What is the view of the relationship between religion and
by John Kaltner
Qur’an and the sayings of the Prophet Muhammad tell Muslims
to study and learn from the world around them. They are urged to
examine their environment so that they can develop an understanding
of the created order and their place within it. At the same time,
they will come to a deeper appreciation of the power and majesty
of the God who brought everything into existence. Muslims understand
this to be an invitation to engage in scientific inquiry, experimentation,
the medieval period that eventually gave rise to the Scientific
Revolution, Islam exerted a tremendous amount of influence on the
intellectual heritage of the non-Muslim world. Were
it not for the Islamic community it is probable that some of the
most prominent figures of antiquity would have disappeared from
the pages of history, silently buried in oblivion.
foremost examples of this are the classical Greek philosophers like
Plato and Socrates. At an early stage in Islamic history, their
writings were translated into Arabic by Muslims, who preserved
them for centuries as the only extant copies of the works. Later,
when Muslims had the opportunity to interact and live with Christians
and Jews, they reintroduced into Europe the works of these important
thinkers. Muslim contributions in this area went well beyond preservation,
because they also offered interpretations of the writings of the
Greek philosophers that had an impact on how the non-Muslim world
came to understand these works.
were not only engaged in the preservation and interpretation of
literary texts, but were also responsible for some of the most significant
inventions and discoveries in science and related fields. It has
already been noted how important Muslim advances in medicine were
for European physicians and surgeons, as seen in the fact that Ibn
Sina’s (Avicenna) textbook was their standard reference work
is another field that was heavily influenced by Muslim scholars.
Algebra, coming from the Arabic word
al-jabr, was invented by Muslim mathematicians.
Algorithms take their name from Al-Khawarizmi (d.840), who was one
of the most brilliant mathematicians the Islamic world produced.
Muslims invented the concept of zero, which is a foundation for
the numbering system used throughout the world. Euclid’s writings
on geometry are known to us today only because they were translated
into Arabic and preserved by Muslims.
Islamic world also made important contributions to many other areas
of science, including chemistry, botany, pharmacology, and zoology.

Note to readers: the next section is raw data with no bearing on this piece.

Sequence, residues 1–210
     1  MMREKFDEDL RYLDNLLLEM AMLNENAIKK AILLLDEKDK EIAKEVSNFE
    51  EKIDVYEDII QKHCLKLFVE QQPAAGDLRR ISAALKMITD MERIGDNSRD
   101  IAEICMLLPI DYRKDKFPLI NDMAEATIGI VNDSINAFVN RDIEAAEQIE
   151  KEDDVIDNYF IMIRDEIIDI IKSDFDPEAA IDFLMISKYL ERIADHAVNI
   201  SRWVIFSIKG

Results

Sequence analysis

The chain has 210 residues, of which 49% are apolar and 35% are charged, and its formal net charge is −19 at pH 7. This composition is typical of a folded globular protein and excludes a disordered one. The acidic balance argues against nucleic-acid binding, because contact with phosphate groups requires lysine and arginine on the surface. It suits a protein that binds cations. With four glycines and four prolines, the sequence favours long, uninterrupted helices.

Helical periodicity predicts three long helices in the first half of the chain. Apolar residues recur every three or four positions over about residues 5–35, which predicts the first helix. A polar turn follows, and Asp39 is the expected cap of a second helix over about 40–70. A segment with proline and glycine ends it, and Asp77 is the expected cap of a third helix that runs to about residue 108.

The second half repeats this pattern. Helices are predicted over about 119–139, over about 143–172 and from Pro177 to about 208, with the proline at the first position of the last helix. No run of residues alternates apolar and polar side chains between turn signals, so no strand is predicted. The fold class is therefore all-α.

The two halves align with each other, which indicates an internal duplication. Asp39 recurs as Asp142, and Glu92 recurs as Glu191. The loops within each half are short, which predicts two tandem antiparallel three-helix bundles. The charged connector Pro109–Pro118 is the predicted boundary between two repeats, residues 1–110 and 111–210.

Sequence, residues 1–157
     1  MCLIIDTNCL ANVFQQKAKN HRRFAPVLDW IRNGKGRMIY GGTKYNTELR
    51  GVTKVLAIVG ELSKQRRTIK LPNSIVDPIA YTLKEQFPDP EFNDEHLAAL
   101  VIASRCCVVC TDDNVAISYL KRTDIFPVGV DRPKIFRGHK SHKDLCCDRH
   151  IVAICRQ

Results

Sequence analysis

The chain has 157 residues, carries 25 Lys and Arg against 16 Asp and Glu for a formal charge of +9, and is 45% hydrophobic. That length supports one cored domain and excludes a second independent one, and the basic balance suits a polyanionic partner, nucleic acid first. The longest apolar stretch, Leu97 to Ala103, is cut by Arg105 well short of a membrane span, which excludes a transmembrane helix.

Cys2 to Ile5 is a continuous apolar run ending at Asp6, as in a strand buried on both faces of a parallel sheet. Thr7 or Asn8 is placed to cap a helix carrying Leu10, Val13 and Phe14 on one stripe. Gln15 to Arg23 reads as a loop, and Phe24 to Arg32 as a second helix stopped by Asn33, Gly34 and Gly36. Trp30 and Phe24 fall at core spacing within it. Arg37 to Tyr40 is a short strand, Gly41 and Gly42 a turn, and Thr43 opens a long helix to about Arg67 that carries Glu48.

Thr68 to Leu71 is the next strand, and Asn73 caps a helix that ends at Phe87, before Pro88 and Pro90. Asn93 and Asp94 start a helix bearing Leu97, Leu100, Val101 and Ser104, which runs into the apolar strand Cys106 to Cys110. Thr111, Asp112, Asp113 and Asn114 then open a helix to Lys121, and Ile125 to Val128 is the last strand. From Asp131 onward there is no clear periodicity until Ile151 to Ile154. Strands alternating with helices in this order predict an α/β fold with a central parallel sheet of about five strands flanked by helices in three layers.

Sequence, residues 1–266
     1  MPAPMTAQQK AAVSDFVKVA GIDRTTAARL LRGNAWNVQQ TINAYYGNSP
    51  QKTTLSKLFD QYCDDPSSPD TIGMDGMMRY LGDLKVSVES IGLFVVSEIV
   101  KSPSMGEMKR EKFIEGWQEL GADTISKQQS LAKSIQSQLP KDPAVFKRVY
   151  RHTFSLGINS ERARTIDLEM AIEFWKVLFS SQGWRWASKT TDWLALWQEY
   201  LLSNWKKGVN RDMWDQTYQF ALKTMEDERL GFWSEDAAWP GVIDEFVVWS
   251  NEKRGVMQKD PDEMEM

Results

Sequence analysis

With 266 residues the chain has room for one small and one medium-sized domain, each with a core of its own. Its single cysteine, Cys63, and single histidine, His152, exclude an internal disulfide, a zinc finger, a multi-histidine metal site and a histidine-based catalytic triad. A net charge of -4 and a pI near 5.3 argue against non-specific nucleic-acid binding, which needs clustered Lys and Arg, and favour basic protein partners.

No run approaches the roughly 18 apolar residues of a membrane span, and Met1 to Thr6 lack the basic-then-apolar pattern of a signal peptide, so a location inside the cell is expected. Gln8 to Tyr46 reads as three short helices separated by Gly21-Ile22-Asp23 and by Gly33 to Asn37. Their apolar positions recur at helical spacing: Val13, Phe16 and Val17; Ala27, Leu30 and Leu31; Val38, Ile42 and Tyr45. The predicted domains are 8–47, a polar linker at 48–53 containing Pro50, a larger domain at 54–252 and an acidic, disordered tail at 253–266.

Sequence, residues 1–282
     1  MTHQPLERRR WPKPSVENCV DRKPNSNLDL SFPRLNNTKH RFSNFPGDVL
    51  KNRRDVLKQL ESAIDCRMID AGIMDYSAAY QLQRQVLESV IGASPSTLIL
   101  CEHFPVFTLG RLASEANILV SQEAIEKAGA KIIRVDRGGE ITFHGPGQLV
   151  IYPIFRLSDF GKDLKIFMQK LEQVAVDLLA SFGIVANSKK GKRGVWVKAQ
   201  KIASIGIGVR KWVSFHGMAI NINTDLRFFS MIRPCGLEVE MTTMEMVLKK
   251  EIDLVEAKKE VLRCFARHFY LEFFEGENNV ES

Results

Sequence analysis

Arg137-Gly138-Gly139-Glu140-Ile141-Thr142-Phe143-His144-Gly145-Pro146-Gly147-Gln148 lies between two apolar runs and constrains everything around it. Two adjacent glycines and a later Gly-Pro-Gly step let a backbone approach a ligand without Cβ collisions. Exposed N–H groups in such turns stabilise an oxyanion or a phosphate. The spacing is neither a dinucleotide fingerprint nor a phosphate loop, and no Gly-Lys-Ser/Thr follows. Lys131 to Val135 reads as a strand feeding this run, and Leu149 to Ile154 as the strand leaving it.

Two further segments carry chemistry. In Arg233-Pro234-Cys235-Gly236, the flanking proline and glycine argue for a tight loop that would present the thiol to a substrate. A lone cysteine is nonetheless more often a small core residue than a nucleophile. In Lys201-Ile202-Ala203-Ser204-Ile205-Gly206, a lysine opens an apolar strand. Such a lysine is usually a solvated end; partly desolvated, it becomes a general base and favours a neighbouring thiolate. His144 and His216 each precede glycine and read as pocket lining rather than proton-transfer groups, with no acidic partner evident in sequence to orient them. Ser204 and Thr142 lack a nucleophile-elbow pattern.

One field that deserves special mention is astronomy, which Muslims
took keen interest in from the earliest days of Islam. Many new
stars were discovered by Muslims, who composed numerous astronomical
tables as a result of their observations that influenced the development
of European astronomy.
world’s first truly scientific observatory, at Maraghah in
Persia, was built in the heart of the Muslim world. Among the many
astronomical tools and instruments invented by Muslims, the most
well-known is the astrolabe, which allows one to fix the position
of the sun and stars in the sky, and assists in determining the
precise time of day. Muslim
interest in astronomy was often directly related to the practice
of their faith since knowledge of the sun’s location in the
sky and the direction of Mecca would determine when and how they
of the most significant works of translation and discovery took
place in Spain, during a period known in Spanish as Convivencia,
when Muslims, Jews, and Christians lived together and learned from
each other. Between the eighth and fifteenth centuries, members
of the three faiths coexisted in an environment of tolerance and
respect that benefited all. During this time, remarkable achievements
were made in science, art, literature, and architecture, and the
era still stands as a shining example of what is possible when people
of different faiths come together in a spirit of trust and cooperation.
West profited from Muslim advances in science and eventually developed
a strong scientific tradition of its own. In recent times, the non-Muslim
world has generally surpassed the Muslim world in the areas of science
and technology, and this situation has been addressed by Muslims
in various ways. At one extreme are those who see this as evidence
that the people of the West have become too secular, and therefore
conclude that Muslims should have nothing to do with them. At the
other end are those who maintain that the Muslim world needs to
become more like the West and recover its commitment to scientific
these differences and debates, Muslims now face a challenge similar
to the one confronting Jews and Christians as science continues
to expand human knowledge and understanding. Concepts like evolution
and advancements like cloning sometimes challenge the assumptions
of their sacred texts and the teachings of their communities, and
this raises profound questions about the nature of faith and its
role in the world.
©2006 John Kaltner
Kaltner is a member of the Department of Religious Studies
at Rhodes College in Memphis, Tennessee where he teaches courses
in Bible, Islam, and Arabic. Among his books are Islam:
What Non-Muslims Should Know (2003); Inquiring
of Joseph: Getting to Know a Biblical Character through the Qu’ran
Instructs Isaac: An Introduction to the Qur’an for Bible Readers
(Collegeville: Liturgical Press/Michael Glazier, 1999).
from What Do Our Neighbors Believe?: Questions and Answers on
Judaism, Christianity and Islam by Howard Greenstein, Kendra
Hotz, and John Kaltner are used by permission from Westminster John
Knox Press, Louisville, Kentucky. The book will be available for
purchase in December 2006.